To wrap up, we share a few closing thoughts of the week.

Quest for Truth 132 Amoral Science and Organized Religion

Trying to squeeze in as much as possible, we get right to our segment… right after a small glitch from the Retrobots.

Meet the Hosts

Our long in coming audio drama is getting closer. The first scripts are done, and several parts assigned. The only drawback remaining is in waiting for our volunteer voice actors to return their parts, so everything can be compiled. Watch for more word, and a launch date. Be sure to tell your friends, and for contributors through Nathan’s Patreon page, we have plans for interviews, behind the scenes stuff, and chat room sessions with the cast.

We never ask for monetary support for this podcast, but the audio drama involves a lot more effort, and a recurring contribution through Patreon will encourage us to devote more attention to future projects like our unassuming, everyday kind of super hero.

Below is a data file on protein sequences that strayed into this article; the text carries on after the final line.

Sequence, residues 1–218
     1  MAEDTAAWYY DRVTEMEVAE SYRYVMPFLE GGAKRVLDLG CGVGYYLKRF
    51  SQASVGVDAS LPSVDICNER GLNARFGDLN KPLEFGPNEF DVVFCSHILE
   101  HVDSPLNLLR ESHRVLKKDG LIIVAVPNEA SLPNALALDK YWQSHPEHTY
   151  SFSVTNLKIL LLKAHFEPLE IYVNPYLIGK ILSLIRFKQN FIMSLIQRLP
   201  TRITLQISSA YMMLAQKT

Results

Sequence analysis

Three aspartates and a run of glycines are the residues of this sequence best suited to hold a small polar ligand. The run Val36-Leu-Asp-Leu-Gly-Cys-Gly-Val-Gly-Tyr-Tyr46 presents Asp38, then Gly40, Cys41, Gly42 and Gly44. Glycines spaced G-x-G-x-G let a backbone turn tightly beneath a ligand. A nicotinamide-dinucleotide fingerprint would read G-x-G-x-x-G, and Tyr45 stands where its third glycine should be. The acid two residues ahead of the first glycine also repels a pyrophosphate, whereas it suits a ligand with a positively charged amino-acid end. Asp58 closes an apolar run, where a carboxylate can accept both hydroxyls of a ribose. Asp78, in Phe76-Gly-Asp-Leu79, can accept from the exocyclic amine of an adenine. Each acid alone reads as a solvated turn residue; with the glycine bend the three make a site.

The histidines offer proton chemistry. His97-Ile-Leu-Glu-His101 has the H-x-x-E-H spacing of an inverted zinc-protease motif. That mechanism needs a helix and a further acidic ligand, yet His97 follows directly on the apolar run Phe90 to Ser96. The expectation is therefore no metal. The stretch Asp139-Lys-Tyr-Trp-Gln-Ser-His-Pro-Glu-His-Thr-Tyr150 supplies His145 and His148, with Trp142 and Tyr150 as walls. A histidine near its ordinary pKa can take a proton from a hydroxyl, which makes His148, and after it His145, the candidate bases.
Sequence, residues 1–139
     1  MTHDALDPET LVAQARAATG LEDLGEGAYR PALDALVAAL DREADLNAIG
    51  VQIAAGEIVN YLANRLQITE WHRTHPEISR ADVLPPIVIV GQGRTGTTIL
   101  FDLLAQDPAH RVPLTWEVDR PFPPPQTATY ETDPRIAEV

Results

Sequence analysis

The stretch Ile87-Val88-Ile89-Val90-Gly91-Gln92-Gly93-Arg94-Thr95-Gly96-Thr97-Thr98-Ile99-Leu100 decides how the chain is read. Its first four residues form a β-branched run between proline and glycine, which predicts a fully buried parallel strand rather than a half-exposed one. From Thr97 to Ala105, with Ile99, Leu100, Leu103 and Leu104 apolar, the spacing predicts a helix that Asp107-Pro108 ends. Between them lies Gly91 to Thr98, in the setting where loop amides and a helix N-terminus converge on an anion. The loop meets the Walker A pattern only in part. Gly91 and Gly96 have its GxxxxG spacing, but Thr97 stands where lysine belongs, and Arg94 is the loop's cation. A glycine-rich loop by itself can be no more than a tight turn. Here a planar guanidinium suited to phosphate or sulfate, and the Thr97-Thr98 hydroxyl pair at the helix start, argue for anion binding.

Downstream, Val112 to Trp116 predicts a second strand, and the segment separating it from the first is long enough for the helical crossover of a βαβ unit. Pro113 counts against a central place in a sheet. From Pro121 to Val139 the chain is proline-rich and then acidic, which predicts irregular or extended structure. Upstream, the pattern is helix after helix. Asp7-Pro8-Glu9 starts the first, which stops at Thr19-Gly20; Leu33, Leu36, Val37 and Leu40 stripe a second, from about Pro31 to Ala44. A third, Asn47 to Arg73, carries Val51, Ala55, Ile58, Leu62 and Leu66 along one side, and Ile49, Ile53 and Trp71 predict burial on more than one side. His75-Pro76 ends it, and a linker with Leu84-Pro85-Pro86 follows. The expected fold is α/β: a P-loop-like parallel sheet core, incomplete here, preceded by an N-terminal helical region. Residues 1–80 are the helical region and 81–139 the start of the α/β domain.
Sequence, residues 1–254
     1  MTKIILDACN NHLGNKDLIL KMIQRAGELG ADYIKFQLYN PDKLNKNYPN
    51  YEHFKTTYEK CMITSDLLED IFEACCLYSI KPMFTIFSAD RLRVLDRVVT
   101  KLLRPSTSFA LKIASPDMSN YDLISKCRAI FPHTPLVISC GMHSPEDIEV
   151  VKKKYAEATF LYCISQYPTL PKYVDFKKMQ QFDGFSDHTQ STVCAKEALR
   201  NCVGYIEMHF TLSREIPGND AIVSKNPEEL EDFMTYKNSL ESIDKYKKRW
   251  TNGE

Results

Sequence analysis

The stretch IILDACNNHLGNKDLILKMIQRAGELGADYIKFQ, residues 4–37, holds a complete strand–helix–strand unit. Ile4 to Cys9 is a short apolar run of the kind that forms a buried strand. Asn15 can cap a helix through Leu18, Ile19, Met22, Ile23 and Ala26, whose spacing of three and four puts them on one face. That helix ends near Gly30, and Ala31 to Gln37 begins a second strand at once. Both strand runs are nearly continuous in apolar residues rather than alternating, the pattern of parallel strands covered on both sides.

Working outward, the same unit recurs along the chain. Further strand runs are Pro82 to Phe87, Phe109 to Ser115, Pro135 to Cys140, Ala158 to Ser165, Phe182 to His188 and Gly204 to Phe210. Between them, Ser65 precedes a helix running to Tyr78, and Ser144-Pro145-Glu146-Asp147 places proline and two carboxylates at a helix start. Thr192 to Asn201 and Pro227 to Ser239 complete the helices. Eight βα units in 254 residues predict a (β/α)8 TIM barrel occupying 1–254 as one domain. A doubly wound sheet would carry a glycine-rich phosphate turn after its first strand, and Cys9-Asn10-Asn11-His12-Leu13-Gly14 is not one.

Our main topic really isn’t all that long. It’s a role play type of episode, and it can be difficult to give a topic the depth it deserves, when the ideas expressed aren’t your own. Besides, Keith lost his notes to guide him along, and had to wing It from memory. To allow ourselves to go down a bunny trail, we include the problem of why science makes a faulty platform for discussing topics in a public forum.

The language of science has become the only accepted and recognized way to prove a point, or settle an argument in public settings, or even in discussing morality.

The good point in science is that it tells us what a thing is, how it works, and what affect it might have on its environment. But it has shortcomings. The problem with science is it can’t answer the question “why.” It can’t determine morality.

For example:

  • It can identify an object, like a hand gun by observing it.
  • It can point out how the parts work, where the bullets go, and the mechanism that ends with a firing pin striking the cartridge.
  • It can describe the chemical process that occurs, and how expanding gasses push the projectile out the end of the barrel.
  • It can also tell what might happen at the point of impact where the projectile lands.
  • An experiment might even be practiced to verify and demonstrate the hypothesis discussed to this point.